Cardiff University has formed a drug discovery collaboration with Takeda to identify new approaches for treating schizophrenia and other psychiatric disorders.

The collaboration will combine the University’s large scale genomic data, and expertise in psychiatric genetics, genomics and neuroscience, with Takeda’s drug discovery and clinical development capabilities.

Cardiff University is home to world-leading biological psychiatry research that will aid Takeda in developing new approaches for treating psychiatric disorders, according to the press release.

The partnership will be co-led by Professor Lawrence Wilkinson, scientific director of the Neuroscience and Mental Health Research Institute, who said: "Recent developments in psychiatric genetics and genomics, combined with advances in neuroscience, mean there is now a real prospect of overcoming the obstacles that have held back progress in developing new drugs for psychiatric disorders.”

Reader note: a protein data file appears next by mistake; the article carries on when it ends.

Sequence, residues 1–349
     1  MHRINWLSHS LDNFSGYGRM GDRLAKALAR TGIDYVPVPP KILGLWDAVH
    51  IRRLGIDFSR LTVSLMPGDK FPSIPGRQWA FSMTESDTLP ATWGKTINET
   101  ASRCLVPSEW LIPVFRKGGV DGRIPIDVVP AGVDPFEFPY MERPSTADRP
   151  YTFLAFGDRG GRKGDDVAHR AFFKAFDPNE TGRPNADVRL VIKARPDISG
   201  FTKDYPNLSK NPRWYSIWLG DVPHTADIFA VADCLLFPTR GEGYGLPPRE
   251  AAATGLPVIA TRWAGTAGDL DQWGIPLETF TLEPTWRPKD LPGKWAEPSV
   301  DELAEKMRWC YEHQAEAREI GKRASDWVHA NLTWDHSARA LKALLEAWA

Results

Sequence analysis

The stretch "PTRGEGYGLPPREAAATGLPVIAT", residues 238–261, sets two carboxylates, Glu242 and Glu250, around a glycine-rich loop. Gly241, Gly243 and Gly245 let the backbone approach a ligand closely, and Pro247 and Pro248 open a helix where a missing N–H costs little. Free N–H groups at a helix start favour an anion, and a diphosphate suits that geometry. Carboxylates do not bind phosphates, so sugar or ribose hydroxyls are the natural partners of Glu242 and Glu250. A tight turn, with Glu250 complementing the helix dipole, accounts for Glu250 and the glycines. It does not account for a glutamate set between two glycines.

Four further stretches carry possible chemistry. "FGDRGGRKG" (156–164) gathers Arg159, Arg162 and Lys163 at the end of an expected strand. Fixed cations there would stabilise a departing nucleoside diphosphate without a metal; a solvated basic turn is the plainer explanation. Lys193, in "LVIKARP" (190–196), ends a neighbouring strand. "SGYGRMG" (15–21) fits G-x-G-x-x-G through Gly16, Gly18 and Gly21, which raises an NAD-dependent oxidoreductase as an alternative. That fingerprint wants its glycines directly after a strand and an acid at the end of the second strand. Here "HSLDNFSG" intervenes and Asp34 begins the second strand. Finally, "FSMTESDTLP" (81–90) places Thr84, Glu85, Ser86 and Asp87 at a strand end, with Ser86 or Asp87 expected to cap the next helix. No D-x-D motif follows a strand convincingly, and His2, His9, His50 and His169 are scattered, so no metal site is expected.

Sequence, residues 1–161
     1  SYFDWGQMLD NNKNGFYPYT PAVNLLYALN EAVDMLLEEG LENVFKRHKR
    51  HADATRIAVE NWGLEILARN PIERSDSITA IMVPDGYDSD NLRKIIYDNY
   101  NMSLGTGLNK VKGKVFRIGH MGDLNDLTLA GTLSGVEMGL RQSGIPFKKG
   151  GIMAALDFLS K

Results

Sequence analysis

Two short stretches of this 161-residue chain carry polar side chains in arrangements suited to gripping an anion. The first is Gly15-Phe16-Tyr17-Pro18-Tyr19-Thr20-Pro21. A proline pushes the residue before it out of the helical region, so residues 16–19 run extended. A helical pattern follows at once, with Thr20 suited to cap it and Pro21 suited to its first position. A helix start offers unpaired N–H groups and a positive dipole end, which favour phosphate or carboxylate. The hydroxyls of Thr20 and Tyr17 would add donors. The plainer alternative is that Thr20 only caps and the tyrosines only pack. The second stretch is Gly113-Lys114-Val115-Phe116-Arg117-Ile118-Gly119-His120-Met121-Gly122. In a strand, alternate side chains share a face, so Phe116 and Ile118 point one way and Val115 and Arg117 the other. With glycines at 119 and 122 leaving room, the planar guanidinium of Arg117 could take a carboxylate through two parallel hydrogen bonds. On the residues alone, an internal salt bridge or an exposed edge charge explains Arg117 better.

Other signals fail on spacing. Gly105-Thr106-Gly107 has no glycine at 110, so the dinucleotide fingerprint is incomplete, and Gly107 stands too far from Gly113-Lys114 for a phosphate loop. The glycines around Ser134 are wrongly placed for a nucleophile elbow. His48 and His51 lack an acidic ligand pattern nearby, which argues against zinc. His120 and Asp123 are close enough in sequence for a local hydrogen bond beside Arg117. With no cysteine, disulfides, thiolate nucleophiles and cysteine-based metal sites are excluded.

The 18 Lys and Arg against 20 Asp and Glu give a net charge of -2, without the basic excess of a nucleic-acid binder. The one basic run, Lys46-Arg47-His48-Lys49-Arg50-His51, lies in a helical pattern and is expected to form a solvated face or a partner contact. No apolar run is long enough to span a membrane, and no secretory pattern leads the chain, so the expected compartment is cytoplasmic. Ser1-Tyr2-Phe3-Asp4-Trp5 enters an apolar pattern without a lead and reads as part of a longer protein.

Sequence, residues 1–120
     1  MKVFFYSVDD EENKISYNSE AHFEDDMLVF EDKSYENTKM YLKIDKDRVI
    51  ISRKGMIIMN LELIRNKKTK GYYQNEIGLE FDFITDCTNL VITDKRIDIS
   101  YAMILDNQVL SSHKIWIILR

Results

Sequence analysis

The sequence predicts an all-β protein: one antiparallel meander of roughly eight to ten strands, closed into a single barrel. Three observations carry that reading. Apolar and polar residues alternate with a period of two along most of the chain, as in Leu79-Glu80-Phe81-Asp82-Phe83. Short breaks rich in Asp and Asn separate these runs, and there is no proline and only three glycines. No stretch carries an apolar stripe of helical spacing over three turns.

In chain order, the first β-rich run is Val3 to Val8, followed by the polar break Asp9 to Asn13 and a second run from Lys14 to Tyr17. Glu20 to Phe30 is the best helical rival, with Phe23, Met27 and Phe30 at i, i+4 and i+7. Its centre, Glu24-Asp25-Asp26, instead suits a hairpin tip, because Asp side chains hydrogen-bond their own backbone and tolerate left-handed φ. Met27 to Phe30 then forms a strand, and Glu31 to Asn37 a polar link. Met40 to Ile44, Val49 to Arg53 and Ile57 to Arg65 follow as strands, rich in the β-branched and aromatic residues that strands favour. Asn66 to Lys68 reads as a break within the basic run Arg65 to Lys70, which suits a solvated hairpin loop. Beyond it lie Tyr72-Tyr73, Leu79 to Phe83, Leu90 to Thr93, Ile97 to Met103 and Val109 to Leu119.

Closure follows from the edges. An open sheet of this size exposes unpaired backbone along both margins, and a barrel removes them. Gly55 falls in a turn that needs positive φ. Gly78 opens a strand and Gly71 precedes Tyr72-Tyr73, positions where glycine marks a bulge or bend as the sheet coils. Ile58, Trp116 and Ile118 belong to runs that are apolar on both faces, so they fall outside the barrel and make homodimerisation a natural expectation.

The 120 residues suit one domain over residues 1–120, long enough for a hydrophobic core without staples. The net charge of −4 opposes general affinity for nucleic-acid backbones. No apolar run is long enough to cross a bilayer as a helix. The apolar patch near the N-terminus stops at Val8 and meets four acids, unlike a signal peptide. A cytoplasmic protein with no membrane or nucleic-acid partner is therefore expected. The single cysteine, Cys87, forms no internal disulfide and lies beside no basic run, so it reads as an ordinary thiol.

Major psychiatric disorders, including depression, schizophrenia, autism and bipolar disorder collectively represent an enormous unmet health need, accounting for approximately 20% of all years lost to disability globally, according to the World Health Organisation.

However, the collaboration is fantastic news for those working on or affected by psychiatric disorders, as Ceri Davies, head of the Neuroscience Drug Discovery Unit at Takeda stated: “By working in partnership with world-leading scientific and clinical neuropsychiatric experts at Cardiff University we have a unique opportunity to create a new wave of medicines, that are grounded in the genomic understanding of the disease, for patients suffering from schizophrenia and related psychiatric disorders.”